I mentioned my circumstances over the last 3 months at the start of this article. On the 23rd May my mother in law had a large stroke and was taken to hospital. Her trauma care was fantastic, her outcome on this occasion is very positive so far, but what has subsequently shocked me beyond belief was the almost prehistoric way that the hospital is utilised, how the work is divided and how the patients can be treated. How the unionisation of the workforce subsumes the common sense of any class leading commercial business, and how many opportunities to work with patients and relatives are seen as challenges to the “system” and best to be ignored or just looked down upon. (Anyone who has travelled with a large transatlantic American Airline recently would undoubtedly recognise this kind of treatment)
I appreciate that in every walk of life there are good and bad, and yes (unbelievably to some), that includes medical staff. This post is not about them, but it is about how they are working, what they expect from the job and more importantly what are the people who run the NHS doing trying to move the furniture around whilst not realising that the whole building is the wrong shape and size. How expensive would Nissan cars be if they still made them by hand, in a small factory, in Tokyo? How difficult would it be to build a class leading cruise ship in a boat builders in Whitby who are used to building coracles?
When will someone have the common sense and I dread to use the word courage to realise that what the NHS needs is not to keep throwing a bit more paint at it, but to get to the root cause of the issues. How long can the BMA and the nursing unions be blind to the fact that their outdated thinking needs to change. The ridiculous week days and week end thinking, in healthcare is redundant (as it is with any other 24 hour, seven day a week business) IF the NHS is to survive for the next 20, 30 ,40 years then it can not do so working within the same archaic frameworks that it has done for the last 60.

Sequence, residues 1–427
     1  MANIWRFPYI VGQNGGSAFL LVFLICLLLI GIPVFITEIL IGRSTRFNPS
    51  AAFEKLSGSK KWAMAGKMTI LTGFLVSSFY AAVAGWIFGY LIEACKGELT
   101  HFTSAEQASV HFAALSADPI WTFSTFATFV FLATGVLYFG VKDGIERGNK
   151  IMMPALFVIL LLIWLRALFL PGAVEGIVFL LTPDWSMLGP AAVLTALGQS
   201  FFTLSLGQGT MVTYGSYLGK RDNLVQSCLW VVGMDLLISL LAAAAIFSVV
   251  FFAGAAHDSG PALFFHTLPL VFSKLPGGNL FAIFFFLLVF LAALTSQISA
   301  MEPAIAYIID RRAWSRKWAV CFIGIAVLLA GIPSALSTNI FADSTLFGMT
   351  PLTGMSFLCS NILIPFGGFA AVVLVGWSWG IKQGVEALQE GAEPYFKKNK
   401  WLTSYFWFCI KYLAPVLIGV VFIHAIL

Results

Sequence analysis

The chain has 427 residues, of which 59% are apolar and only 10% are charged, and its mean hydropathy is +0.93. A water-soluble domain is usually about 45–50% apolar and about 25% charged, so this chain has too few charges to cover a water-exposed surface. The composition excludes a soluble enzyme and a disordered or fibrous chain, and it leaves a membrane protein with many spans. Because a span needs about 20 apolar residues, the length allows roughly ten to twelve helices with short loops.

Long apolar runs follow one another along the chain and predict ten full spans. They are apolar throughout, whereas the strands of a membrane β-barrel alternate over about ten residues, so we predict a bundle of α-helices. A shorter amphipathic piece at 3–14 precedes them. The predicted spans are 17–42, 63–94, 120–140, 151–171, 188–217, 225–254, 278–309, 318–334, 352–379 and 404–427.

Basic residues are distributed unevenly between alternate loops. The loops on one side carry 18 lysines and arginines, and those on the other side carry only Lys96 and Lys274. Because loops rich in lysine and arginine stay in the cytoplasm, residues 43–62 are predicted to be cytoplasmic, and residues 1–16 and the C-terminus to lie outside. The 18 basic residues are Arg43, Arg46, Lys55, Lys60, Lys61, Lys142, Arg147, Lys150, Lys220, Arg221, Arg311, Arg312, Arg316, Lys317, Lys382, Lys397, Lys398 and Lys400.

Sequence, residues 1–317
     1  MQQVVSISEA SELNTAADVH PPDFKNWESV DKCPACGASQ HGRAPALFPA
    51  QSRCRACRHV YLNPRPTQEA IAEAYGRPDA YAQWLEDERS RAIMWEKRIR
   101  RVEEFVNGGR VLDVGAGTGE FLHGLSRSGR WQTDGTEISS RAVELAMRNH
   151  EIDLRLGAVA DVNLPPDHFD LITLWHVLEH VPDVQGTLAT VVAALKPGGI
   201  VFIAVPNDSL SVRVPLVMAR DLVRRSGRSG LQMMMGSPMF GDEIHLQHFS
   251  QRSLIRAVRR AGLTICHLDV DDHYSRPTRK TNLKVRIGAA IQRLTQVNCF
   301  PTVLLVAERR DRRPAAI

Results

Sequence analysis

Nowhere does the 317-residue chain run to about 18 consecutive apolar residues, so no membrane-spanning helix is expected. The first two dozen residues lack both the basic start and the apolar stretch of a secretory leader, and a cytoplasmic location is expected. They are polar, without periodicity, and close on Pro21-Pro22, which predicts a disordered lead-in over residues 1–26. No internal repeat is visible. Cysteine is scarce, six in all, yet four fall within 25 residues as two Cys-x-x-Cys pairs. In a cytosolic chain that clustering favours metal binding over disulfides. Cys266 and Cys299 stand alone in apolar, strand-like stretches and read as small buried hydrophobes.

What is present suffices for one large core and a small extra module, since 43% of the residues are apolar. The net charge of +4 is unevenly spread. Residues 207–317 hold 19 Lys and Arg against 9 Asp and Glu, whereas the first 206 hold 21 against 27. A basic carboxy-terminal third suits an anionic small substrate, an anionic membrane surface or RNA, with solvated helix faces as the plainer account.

So what should be done. Firstly I would be inspired by the thinking of Steven Covey and forget what we have now, but start with the end in mind. How do we want this service to look in the next 30, 40, 50 years. More importantly does every stakeholder want the same thing, because surely they want the best patient care, delivered sustainably for the projected population. But do they all want this? In fact, we can test this. If that were the case then surely the BMA would be arguing that the new doctor contract should be based on the world leading, six sigma based, Nissan Sunderland shift system, or the CAA/EASA developed Flight Time Limitation rules developed to make sure pilots are as safe as they can be, working only the hours that the CAA/EASA deem they can do. But in fact the doctors want to be allowed to work “overtime” , because on Saturday and Sunday they get paid more!!! Surely aren’t these 2 things totally outdated concepts in the delivery of highly skilled and highly dangerous professional roles, or would you want your pilot to work like this, or your car to be built by someone who works like this ?
I know I am not the smartest person around, and I appreciate that many governments have hired many smart or super smart people, but in the end they all seem to be missing the obvious…………..or is it me? Is getting elected actually more important than the NHS because that’s what its looked like for the last 30 years.